The Nigerian state of Kano is one well-publicized example. In 2004, Kano's government refused to take part in the Global Polio Eradication Initiative sponsored by the World Health Organization out of fears that the immunizations constituted a plot to reduce the country's Muslim population.
According to The Associated Press, the boycott was initiated after Pfizer faced accusations made by families and human rights groups of putting about 200 children at risk during what they claimed was a poorly managed meningitis study 11 years ago.
Eleven children died, while others suffered brain damage, according to the Nigerian government, which this summer filed suit against the London- and Connecticut-based pharmaceutical company. The case is still pending.
Although the immunization boycott lasted 10 months, international health experts reportedly noted a rapid polio expansion, in a pattern that radiated from the west African state.
Shah says that the Kano example points to the public health issues at stake when countries lose trust in the pharmaceutical industry. "It's not that drug companies are trying to go out and harm people," she said. "They really hope and believe that their drugs will work."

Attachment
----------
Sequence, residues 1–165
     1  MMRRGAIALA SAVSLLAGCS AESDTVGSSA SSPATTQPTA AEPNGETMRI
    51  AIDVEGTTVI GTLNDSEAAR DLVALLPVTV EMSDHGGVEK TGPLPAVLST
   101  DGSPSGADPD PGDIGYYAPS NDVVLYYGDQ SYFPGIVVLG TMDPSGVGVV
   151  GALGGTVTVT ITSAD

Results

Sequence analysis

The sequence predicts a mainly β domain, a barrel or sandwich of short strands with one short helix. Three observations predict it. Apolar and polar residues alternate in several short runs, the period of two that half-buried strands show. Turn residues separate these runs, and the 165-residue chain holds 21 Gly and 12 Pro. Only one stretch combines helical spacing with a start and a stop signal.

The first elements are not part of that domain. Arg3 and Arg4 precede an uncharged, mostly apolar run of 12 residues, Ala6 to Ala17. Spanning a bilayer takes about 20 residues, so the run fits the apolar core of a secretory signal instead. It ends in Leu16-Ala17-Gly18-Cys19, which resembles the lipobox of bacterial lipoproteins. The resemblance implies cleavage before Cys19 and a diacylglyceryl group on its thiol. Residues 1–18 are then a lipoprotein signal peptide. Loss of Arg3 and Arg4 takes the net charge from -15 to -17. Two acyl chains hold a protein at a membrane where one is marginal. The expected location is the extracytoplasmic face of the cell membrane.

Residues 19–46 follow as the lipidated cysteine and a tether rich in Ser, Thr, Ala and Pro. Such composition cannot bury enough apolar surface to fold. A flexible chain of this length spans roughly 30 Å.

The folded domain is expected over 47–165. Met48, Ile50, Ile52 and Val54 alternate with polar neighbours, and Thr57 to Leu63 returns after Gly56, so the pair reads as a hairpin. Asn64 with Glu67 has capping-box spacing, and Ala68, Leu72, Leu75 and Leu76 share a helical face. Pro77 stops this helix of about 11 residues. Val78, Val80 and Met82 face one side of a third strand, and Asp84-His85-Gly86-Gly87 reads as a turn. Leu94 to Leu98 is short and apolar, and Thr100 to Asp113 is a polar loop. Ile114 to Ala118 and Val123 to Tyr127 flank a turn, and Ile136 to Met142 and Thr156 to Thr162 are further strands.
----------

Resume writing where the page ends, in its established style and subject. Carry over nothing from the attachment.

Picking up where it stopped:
Franklin Moyano, Santiago del Estero's health minister, told state news media that the province is conducting an independent investigation into the children's deaths. But the families of the children are taking matters into their own hands.
Ovejero, who wears a T-shirt bearing his late-son's photo, says that the family is planning to take legal action. The family also told Inter Press Service that their lawyer had been offered money to halt any legal action, but they rejected the offer.
A GlaxoSmithKline representative told ABCNews.com that the company was aware of reports in the Argentine press that Ovejero and his wife were offered money through their lawyer, but GSK said in an e-mail response, "The company has acknowledged this information through the articles that have been published in the media. Therefore, we do not have acquaintance of this fact."
In the meantime, Ovejero participates in weekly protest marches on the Plaza Liberdad, the town square. For the last month, every Monday around 7 p.m., close to 20 to 50 parents, extended family members and friends carry signs bearing the blown-up likenesses of their dead babies.
"Gabriel was born with a purpose," said Hoyos, Gabriel's mother. "His purpose was to bring justice."